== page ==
No. 1274 - Longford - Cressy Road Anglican Church and School House (1871)

This ‘blog entry’ is one of a series of articles about places of worship which are barely represented in the historical record. Usually no images of these buildings have survived. My hope is that these brief articles may result in further information and photographs coming to light enabling a more complete history to be preserved.

Longford is an historical country town approximately 25 kilometres south of Launceston. The district around Longford was first known as the Norfolk Plains after the Norfolk Islanders who were resettled here in 1813. The Cressy Road Church School (also known as the Halfway School) was situated near the corner of Cressy Road and Munden Lane which is about 2 kilometres south of the town centre. The church was built in 1871 and closed in the early 1930s before being removed in 1941.

The opening of the “Cressy Road School House and Chapel” took place on Sunday 25 June 1871. The event was recorded by the Cornwall Chronicle:

“On Sunday….a building, which has been erected by means of contributions from friends of the church in the Longford district, on Cressy Road, was opened for worship, the Rev. A. Stackhouse officiating. He preached an interesting and impressive sermon on the occasion, and a liberal collection was made in aid of the building fund. The church is a very neat fabric, intended for a Sunday and day school and was much required by the numerous residents of the locality, so far distant from pastoral and daily teaching. It is intended that a licensed lay-preacher, Mr J.L. Smith, shall conduct the Sunday services, the Rev. A. Stackhouse periodically officiating”.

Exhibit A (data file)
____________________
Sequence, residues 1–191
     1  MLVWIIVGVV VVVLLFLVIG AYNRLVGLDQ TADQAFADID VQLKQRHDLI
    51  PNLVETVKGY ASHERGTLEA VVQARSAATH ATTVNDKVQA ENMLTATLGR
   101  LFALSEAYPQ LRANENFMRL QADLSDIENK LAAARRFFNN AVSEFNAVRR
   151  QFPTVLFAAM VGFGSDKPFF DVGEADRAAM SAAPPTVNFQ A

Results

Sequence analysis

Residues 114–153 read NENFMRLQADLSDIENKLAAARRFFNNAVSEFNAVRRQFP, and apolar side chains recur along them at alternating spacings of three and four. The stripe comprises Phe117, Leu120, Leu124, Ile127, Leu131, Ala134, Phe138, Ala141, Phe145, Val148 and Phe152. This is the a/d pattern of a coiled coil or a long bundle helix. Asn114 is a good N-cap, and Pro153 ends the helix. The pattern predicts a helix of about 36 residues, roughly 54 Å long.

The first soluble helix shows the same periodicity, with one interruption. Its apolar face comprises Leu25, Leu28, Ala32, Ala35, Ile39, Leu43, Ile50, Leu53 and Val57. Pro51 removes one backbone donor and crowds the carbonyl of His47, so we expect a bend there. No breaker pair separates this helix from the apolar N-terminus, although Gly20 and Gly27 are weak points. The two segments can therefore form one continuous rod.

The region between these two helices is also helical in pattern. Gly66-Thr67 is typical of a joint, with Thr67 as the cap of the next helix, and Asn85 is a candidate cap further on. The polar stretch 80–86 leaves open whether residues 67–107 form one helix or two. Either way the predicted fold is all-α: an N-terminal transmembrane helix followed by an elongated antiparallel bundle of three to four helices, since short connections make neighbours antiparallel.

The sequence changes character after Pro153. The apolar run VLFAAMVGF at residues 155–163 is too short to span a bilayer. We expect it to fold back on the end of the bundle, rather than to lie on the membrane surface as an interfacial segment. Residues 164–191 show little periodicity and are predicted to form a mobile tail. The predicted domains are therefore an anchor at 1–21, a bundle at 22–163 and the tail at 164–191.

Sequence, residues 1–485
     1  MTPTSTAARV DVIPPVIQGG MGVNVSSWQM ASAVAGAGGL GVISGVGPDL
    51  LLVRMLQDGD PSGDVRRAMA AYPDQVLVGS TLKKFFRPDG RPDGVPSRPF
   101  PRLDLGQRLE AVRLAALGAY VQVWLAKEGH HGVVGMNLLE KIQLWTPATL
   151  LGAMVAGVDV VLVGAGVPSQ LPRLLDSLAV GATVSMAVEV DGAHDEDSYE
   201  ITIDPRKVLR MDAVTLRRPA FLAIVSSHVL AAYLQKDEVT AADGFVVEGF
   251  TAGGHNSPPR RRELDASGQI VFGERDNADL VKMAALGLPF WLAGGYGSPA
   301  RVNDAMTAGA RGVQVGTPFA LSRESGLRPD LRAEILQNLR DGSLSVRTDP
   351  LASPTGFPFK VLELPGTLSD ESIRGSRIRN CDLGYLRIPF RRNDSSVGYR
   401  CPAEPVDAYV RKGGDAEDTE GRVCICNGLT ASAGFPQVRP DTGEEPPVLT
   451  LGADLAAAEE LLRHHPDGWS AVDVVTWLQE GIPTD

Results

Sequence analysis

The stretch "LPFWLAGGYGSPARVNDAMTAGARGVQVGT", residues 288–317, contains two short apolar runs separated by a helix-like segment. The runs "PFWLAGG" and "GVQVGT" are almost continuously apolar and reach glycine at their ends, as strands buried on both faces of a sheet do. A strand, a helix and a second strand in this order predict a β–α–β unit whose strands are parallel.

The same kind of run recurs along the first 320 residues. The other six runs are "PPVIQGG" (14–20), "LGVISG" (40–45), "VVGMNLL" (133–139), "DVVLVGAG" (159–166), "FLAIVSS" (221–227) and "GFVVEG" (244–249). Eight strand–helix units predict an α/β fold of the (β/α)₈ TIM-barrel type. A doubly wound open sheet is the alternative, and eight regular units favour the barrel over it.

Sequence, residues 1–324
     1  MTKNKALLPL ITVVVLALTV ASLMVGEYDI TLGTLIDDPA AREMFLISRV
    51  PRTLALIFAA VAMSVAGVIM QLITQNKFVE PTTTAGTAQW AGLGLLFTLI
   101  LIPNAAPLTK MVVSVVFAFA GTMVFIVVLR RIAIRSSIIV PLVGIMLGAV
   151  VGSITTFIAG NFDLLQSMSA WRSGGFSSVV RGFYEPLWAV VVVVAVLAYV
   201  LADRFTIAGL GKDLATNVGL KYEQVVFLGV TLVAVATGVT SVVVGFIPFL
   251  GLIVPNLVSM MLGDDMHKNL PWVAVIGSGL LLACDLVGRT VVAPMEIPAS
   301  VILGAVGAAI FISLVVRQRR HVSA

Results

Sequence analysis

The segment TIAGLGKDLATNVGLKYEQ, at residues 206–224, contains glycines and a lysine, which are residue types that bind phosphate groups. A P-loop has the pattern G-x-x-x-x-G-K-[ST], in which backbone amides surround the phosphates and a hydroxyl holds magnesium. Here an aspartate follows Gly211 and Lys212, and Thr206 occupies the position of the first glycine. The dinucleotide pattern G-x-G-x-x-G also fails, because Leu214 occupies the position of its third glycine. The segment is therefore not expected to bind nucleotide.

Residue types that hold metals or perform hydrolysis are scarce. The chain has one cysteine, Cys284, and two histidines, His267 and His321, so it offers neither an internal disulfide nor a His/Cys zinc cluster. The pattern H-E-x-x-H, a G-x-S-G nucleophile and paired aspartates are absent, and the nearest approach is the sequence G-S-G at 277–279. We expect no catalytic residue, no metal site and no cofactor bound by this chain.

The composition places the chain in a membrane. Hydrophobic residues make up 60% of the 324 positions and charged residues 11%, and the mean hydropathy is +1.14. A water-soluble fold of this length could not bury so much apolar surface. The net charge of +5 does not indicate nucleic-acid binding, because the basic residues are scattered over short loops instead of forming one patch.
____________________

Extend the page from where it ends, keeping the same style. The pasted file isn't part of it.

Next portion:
Reports of religious services appear in local newspapers up until the turn of the century but these cease around 1902. After this the building continued to be used as a State school.

In 1923 religious services were revived as was reported by the Launceston Examiner:

“Ever since services were started again at Cressy-road school, after an interval of twenty years, it has been desired to furnish it as a church for Sundays. With this end in view a fair was held there on Thursday April 5. It was opened by Mrs M. Quamby who congratulated the stall holders on the splendid display of goods, and wished the fair every success….”.

In the following year another fair as well as a baby competition was held:

“There were four babies entered for the competition - Babies Burn, Buttery, Harris, and Clark. Baby Burn won the silver mug, which was given by Mr. C. Bunton….The rector (Rev. D.B. Blackwood, M.A.) thanked the stall-holders and others who had worked so well to make the fair and baby competition such a success”.

In 1925 there was a report on the Sunday school’s annual prize giving and in 1929 the church was active in raising funds for the Longford flood relief fund. The record falls silent in the 1930s although the State school continued to function until about 1935.

The church’s end was reported by the Examiner in March 1941:

“The buildings on the Cressy-road which belonged to the Church of England and were at one time used for services and State school purposes, have been disposed of for removal. The buildings have been unused for several years”.

There is no record of to where the church was removed and no photograph of the building is available in the public domain.

Notice of the church's opening in June 1871 (Launceston Examiner)

The site of the Cressy Road Church and school.


Launceston Examiner, Saturday 24 June 1871, page 5
The Cornwall Chronicle, Wednesday 12 July 1871, page 3
Launceston Examiner, Thursday 23 March 1876, page 3
Launceston Examiner, Tuesday 22 July 1884, page 3
Examiner, Tuesday 20 March 1900, page 2
Examiner, Tuesday 10 April 1923, page 3
Examiner, Saturday 17 May 1924, page 9
Daily Telegraph, Thursday 12 February 1925, page 8
Examiner, Wednesday 8 May 1929, page 7
Examiner, Wednesday 26 March 1941, page 7


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